ZeroAvia reveals investors and partners with Ecojet airlines
ZeroAvia closed its Series C financing round in September and has now revealed that 116 million US dollars (just under 106 million euros) was raised. Investments have been co-led by Airbus, Barclays Sustainable Impact Capital and NEOM Investment Fund (NIF), already revealed in September and joined by UK Infrastructure Bank, Breakthrough Energy Ventures, Horizons Ventures, Alaska Airlines, Ecosystem Integrity Fund, Summa Equity, AP Ventures and Amazon Climate Pledge Fund.
The investment should enable ZeroAvia to “accelerate the company’s journey to certification of its first engines and advance R&D that will scale the clean propulsion technology for larger aircraft.”
Airbus is an investor and a partner to ZeroAvia, as the two companies have also agreed to work together on certification approaches for hydrogen propulsion systems. Both companies also want to cooperate in areas such as the storage of liquid hydrogen, flight and ground tests of fuel cell propulsion systems and the development of infrastructure for hydrogen refuelling.
Airbus itself is also working on hydrogen systems. This summer just passed, the industry giant tested a hydrogen engine concept with an output of 1.2 MW on the ground. With the ZEROe program, Airbus has a series of hydrogen-based aircraft concepts in the works.
ZeroAvia partners with Ecojet airlines
ZeroAvia has also announced an agreement with the newly launched airline Ecojet to provide up to 70 hydrogen-electric, zero-emission engines. Ecoject was founded by green entrepreneur Dale Vince OBE earlier this year and aims to offer flights with ZeroAvia’s hydrogen-electric engines in 2025 – subject to certification.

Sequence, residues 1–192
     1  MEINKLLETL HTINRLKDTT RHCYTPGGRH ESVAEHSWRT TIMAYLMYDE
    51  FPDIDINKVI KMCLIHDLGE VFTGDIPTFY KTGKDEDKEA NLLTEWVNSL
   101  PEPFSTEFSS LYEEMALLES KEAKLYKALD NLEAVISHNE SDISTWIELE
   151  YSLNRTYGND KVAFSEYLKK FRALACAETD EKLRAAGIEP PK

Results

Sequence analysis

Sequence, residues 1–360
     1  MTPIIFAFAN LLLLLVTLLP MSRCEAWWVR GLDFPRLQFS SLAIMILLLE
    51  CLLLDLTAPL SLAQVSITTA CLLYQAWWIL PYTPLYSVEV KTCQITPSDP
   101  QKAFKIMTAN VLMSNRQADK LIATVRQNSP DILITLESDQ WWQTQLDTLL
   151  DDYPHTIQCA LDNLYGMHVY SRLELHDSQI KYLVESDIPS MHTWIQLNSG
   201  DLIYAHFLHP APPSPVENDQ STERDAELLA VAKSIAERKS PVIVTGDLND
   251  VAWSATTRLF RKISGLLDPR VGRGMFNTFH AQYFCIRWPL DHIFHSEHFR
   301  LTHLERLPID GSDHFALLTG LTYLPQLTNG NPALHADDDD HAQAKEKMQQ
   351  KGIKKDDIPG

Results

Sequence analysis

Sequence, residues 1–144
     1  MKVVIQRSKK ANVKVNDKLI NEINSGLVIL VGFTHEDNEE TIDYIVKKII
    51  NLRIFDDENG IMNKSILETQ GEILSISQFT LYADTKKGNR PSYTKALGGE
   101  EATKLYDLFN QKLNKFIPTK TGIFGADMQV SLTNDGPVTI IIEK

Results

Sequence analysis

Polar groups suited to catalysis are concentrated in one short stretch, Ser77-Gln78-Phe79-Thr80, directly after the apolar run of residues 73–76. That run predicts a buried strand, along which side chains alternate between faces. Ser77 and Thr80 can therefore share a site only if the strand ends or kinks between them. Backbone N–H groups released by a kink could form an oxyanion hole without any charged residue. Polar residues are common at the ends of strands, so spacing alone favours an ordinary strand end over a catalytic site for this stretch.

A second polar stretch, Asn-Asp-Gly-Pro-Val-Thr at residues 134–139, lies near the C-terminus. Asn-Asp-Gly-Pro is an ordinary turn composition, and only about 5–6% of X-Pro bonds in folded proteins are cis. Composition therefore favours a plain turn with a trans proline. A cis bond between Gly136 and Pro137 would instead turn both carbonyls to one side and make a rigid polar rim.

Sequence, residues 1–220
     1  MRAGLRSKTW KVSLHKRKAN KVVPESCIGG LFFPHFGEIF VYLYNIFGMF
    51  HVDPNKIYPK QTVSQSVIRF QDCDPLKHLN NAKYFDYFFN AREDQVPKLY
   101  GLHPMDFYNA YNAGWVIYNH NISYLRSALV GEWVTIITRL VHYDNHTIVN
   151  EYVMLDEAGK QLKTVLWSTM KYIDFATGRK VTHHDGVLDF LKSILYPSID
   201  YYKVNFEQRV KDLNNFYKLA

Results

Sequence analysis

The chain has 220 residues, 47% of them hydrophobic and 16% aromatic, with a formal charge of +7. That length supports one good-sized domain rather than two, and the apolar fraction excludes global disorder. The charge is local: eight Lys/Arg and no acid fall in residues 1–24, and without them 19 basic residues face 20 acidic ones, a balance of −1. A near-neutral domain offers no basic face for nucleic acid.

Ecojet is planning to first start its operations in 2024 with conventionally powered aircraft on routes to and from Edinburgh. The fleet is to successively be retrofitted with hydrogen-electric powertrains with the goal of becoming the world’s first electric airline.
Ecojet aims to retrofit some of its aircraft with ZeroAvia’s ZA600 engines, capable of powering aircraft with up to 20 seats. The new airline will be working with Monte, ZeroAvia’s preferred lessor partner, to bring the ZA600 engine technology to market. ZeroAvia envisages the type certification of the ZA600 in 2025.
The new airline operating from Edinburgh, Scotland, has also placed a larger order for the more powerful ZA2000 engine, designed for up to 80-seat regional turboprops. The plan is for these to enter service in 2027.
ZeroAvia revealed a definitive purchase agreement with lessor Monte for 100 hydrogen-electric aircraft engines earlier this year. Ecojet has become the lessor’s first confirmed customer and will take up the production slots that ZeroAvia has reserved for Monte. For its part, Monte will provide financing for Ecojet’s powertrain purchase, installation and operation.
The three companies, ZeroAvia, Ecojet and Monte, are planning to “work together with airports and other industry partners to identify and finance the first pathways to hydrogen-electric commercial operations,” as ZeroAvia now states.
In the summer of this year, ZeroAvia signed agreements to provide both of the above-mentioned aircraft engines to aircraft to companies in Europe and North America. This year, ZeroAvia already signed cooperation agreements with Rotterdam Airport and Shell, among others, and aims to enter the cargo drone space with Natilis.